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U.S. Solon Warns Egypt

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Sen. Arlen Specter (R. Pa.) has put Egypt on notice that as a member of the Senate Appropriations Committee’s Foreign Operations Subcommittee he will urge his colleagues not to approve any “substantial aid” for Egypt until it sends its Ambassador back to Israel.

Specter made this warning directly to Egyptian Foreign Minister Esmat Abdel Meguid when Meguid met with the Senate Foreign Relations Committee last Thursday. He was the only Senator who was not a committee member present.

In an interview later with the Jewish Telegraphic Agency, Specter said he told Meguid directly: “As far as this Senator is concerned, I would not support substantial foreign aid for Egypt if you don’t send the Ambassador back.”


The return of the Egyptian envoy, who left Israel after Israel’s invasion of Lebanon, would be the most “symbolic and substantive” step Egypt could take to advance the Mideast peace process, Specter said.

He said he stressed to Meguid that “we need leadership in the Mideast” and he was “convinced” it would not come from either King Hussein of Jordan or Saudi Arabia. It was thus up to Egypt to provide it.

When Meguid replied that the United States was not doing Egypt a “favor” by providing aid, Specter said he told him he agreed and said the U.S. acted in its national interest as did Egypt.

Egypt is receiving $2.1 billion in economic and military aid this year and the Reagan Administration is proposing that it get $2.3 billion 1986. Like Israel, all of the aid to Egypt is in the form of a grant. When Egyptian President Hosni Mubarak comes to Washington in March he is expected to ask for an even larger increase.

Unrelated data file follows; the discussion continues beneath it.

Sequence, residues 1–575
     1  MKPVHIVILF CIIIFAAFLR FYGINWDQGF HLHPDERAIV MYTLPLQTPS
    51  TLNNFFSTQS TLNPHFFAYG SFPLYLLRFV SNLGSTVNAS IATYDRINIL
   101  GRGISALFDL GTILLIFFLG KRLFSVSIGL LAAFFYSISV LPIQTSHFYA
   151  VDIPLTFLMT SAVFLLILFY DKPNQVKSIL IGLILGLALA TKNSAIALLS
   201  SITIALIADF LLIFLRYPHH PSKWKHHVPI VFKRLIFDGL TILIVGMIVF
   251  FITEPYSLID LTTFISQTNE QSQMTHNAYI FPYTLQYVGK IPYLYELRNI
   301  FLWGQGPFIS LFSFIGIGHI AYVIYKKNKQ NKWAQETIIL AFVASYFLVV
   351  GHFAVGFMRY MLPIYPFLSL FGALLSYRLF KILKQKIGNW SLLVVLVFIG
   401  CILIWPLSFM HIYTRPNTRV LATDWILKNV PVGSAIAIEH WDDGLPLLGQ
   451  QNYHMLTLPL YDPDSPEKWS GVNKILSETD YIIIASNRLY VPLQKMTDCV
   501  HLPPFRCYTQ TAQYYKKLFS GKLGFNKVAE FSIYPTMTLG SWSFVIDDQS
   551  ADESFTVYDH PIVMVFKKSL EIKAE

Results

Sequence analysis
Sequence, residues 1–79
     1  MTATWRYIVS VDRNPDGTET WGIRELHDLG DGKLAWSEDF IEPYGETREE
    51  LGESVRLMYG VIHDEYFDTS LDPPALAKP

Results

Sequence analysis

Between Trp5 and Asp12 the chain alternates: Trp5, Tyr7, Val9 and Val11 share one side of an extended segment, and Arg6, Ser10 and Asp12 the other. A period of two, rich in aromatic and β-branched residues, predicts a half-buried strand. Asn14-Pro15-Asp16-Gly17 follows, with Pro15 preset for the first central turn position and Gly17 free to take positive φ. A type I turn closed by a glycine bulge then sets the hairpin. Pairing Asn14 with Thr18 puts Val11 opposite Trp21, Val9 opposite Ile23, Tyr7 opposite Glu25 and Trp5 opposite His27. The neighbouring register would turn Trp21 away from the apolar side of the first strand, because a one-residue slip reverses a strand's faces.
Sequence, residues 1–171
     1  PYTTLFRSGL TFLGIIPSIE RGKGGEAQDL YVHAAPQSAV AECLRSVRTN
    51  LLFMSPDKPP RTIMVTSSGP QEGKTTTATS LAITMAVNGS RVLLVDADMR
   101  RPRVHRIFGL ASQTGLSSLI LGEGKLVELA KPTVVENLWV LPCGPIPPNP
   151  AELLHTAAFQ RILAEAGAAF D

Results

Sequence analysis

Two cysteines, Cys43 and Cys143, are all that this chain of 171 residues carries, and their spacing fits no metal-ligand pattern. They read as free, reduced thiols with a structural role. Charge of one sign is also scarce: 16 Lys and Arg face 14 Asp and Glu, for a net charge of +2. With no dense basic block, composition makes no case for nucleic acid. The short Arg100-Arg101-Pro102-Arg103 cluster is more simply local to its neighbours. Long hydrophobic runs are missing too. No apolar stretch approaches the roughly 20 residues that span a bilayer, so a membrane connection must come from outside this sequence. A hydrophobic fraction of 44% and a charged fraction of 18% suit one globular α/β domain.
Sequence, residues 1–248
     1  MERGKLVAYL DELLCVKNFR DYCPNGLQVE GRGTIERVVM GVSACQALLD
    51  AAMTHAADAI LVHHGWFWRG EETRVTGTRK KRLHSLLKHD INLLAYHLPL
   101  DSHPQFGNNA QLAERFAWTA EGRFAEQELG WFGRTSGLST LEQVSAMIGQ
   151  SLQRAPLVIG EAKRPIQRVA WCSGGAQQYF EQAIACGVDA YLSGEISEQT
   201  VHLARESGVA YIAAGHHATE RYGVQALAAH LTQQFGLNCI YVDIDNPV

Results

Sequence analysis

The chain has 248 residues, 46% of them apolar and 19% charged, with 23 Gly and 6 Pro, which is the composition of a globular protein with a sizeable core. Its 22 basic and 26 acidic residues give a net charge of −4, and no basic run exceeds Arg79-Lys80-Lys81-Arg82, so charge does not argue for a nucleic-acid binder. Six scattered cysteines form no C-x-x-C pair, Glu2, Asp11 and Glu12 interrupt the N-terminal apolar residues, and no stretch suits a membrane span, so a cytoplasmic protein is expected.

Meguid told the Senators that Egypt has lost revenue because of decreases in oil prices, Suez Canal revenues, money sent home by Egyptians working abroad, and tourism. Specter said he told Meguid the U.S. has economic problems, too. “I am a Senator from Pennsylvania with enormous unemployment,” he said. “Wherever I go in Pennsylvania I get asked the question — ‘Why do you vote for foreign aid when unemployment compensation has run out’?”

Specter stressed that the U.S. has to decide how to use its limited resources. “We are looking for leadership from Egypt,” he told Meguid.


The Pennsylvania Senator plans to give the same blunt message to Mubarak, who he has met several times in Washington and Cairo, when the Egyptian President comes to Washington.

Specter has been in the forefront in pressing Egypt on returning its Ambassador to Israel. When he met with Mubarak in Cairo in June, 1983, he was told the envoy would be back in two or three weeks. In return, he wrote M. Peter McPherson, director of the U.S. Agency for International Development, asking him to loosen restrictions on the aid given Egypt. He raised the issue again with Mubarak during a visit to the Mideast last August.

Mubarak then gave conditions which were repeated last Thursday by Meguid. He called for complete Israeli withdrawal from Lebanon, “movement on the Palestinian issue,” and the return of Taba. He said it is not enough that Israel returned 99.9 percent of the Sinai, “We must have 100 percent,” Meguid declared.

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